After four years had passed, an angel appeared to Smyth in the crease while he was playing against the Flames. When he saw the angel, he was filled with fear and awe. For it was on that day that he heard the voice of God speak to him through the angel, "I am the God of your fathers, of Gretzky, and Messier, and Lowe. I have heard the cries of my people in Edmonton. I have seen their suffering and have come down to heal them and set them free. Now then, you must come with me, for I am sending you back to Edmonton."
Calgary Flames (10-12-2) @ Edmonton Oilers (13-10-2)
Rexall Place, 8:00 p.m. MST
More analysis after the jump...
Visiting Team Scouting Report:
I admit that before the season, I thought that the Flames would be one of the teams in the hunt for the playoffs. Not a great team, but a decent one in a poor division. And in some ways, that's exactly what they've been. Miikka Kiprusoff has been quite good, and their play at even strength is that of a mediocre hockey team; their Fenwick percentage at even strength is 48.6%, and actually improves to 49.6% if we look only at results with the score tied. But they're getting absolutely roasted on special teams. The power play has generated just 39.9 shots per sixty minutes of five-on-four ice time and their penalty kill is allowing 56.1 shots per sixty minutes of four-on-five ice time. The Flames are among the league's bottom five teams in both categories, and leaves the team with a very poor (considering we're only about a third of the way through the year) -8 goal differential on special teams. Given that their overall goal differential (excluding shoot-out goals) is -9, I know what areas I'd be working on hard in practice or trying to find help with cheaply via trade.
Edmonton Oilers (13-10-3):
Gagner - Horcoff - Hemsky
Smyth - Nugent-Hopkins - Eberle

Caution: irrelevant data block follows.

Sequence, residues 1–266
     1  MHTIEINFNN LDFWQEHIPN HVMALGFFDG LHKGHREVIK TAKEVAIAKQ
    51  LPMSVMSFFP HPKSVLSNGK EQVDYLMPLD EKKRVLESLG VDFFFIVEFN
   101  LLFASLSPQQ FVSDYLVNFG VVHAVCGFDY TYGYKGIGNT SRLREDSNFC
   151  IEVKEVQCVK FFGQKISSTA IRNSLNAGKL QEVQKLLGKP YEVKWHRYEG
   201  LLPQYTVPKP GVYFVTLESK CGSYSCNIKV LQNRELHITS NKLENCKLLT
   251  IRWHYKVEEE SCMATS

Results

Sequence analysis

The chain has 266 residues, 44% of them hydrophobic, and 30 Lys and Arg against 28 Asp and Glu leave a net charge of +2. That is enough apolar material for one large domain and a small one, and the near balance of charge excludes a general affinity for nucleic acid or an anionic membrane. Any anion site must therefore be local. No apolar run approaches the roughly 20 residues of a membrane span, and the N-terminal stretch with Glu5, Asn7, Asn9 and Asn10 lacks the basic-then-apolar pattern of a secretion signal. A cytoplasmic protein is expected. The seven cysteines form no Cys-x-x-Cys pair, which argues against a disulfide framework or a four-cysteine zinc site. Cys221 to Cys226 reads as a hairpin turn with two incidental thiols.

Paajarvi - Belanger - Jones
Petrell - O'Marra - Hordichuk
Smid - Gilbert
Whitney - Petry
Sutton - Peckham
Calgary Flames (10-12-2):
Glencross - Jokinen - Iginla
Tanguay - Horak - Bourque
Comeau - Backlund - Stempniak
Kostopoulos - Stajan - Jackman
Bouwmeester - Butler
Hannan - Brodie
Smith - Piskula
By the Numbers:
- You're all probably sick of hearing this one, but Eric Belanger, Sam Gagner, and Magnus Paajarvi are now first, second, and third among NHL forwards in "most time on ice without a goal". Belanger and Gagner are also tied for first in "most points without a goal" with seven each.
- At home, the Oilers have a goal differential of +12. On the road, they have a goal differential of -5. The Flames aren't quite as Jekyll and Hyde. At home, the Flames have a goal differential of -6, but on the road, they're actually a bit better at -4.
- Edmonton's 6-3 win over Columbus was the third time this season that the club scored six or more goals in one game. Last season, the Oilers only scored six or more twice.
- Ales Hemsky had a very impressive third period against the Blue Jackets, and while he's still clearly working some of the kinks out of his game, one area where he's been very impressive is personal discipline - through fifteen games, Hemsky still hasn't taken a single penalty.
- With Ryan Nugent-Hopkins among the league's top five scorers, I got to wondering who the last Oiler was to finish the season among the league's top five. It turns out that it was Mark Messier who finished second in scoring during the 1989-90 season with 129 points. That got me to wondering how many other teams have had to wait that long. It turns out that it's not that many. While the Predators, Blue Jackets, and Wild have never had a top-five point-getter in their history, the only other team that's had to wait for two decades is Montreal, which I somehow found very surprising. Their drought actually goes all the way back to Guy Lafleur's third-place 125-point season in 1979-80.